Bishop Commends Festa Efforts to Preserve Culture
By Amanda Hudson, News Editor
August 10, 2017

ROCKFORD—The annual Sunday Mass at Festa Italiana welcomed dozens of people on a bright and cooler-than-usual morning, Aug. 6, the feast of the Transfiguration, to Boylan Central Catholic High School grounds just west of its athletic track.

A choir composed of mostly Holy Family Parish musicians continued their tradition of providing music at the Mass.

The Mass was celebrated by Bishop David Malloy. He followed a procession of flags, banners and Italian clubs members to the altar, in front of the main festival stage and covered with white, green and red cloths.

The bishop began with the sign of the cross in Italian, then expressed thanksgiving for the “gift of life, gift of faith and the gift of heritage.”

The second reading was proclaimed in Italian by lector Tony Tarara.

After speaking in his homily about how the Transfiguration assists our faith as it had encouraged the disciples, the bishop spoke about “the need for culture” as a means for “organizing rightly” to determine how to express values and foster community as “a means for attaining the only thing that matters: heaven.”

The annual Festa, Bishop Malloy continued, shares the Italian music, history, art, food and origins. Even more importantly, he said, “you celebrate as well the faith (that) strengthened your ancestors.”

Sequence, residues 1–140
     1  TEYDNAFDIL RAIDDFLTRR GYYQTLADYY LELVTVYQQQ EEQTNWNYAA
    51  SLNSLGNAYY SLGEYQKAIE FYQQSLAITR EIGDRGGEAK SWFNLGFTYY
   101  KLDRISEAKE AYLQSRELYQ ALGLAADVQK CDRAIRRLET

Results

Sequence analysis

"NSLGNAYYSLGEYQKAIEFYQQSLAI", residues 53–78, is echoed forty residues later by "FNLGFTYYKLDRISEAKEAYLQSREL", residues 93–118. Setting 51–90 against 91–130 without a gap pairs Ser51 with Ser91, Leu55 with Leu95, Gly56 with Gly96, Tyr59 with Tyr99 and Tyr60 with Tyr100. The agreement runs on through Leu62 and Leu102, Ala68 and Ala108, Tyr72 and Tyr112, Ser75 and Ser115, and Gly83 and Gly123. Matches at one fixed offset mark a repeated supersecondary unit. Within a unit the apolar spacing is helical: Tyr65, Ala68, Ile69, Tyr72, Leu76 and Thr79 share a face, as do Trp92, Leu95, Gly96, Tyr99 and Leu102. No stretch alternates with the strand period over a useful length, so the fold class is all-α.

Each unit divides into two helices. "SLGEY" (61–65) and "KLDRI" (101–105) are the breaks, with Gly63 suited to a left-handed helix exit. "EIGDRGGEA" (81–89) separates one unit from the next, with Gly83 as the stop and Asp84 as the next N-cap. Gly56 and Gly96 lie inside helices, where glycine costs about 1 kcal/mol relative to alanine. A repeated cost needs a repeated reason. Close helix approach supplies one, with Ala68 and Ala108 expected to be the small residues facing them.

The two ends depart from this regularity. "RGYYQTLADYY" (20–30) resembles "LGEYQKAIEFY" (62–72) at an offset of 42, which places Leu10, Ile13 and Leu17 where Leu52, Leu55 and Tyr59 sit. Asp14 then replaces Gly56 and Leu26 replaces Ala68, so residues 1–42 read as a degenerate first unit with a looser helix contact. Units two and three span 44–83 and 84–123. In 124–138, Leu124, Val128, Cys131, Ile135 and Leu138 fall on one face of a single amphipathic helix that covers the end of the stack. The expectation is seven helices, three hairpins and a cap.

He called it “deeply good” to celebrate, remember and share the Catholic faith, noting also the current need for support of the Italian culture. In Italy, studies show there are signs of stress to that culture including fewer marriages and fewer births, he said.

It is projected, the bishop added, that in 100 years the Italian language will no longer be spoken as a living language.

And so Bishop Malloy encouraged those present to “strengthen your families ... teach them to love the Church, to love their culture” even beyond Festa Italiana.

After the Mass but before the day’s festivities officially began, several teams of men and of women began playing the traditional Italian game of bocce ball.

A member of a young men’s team grinned as he noted to his teammates, “I’m happy to be here.”
“Yep, we all are,” replied another contented young man.

Longtime Festa-goer Jo Wargo summed up the annual event nicely with a remark that highlights the sense of community fostered by Festa Italiana.

“When you see people you know,” she said, “that’s the fun of it.”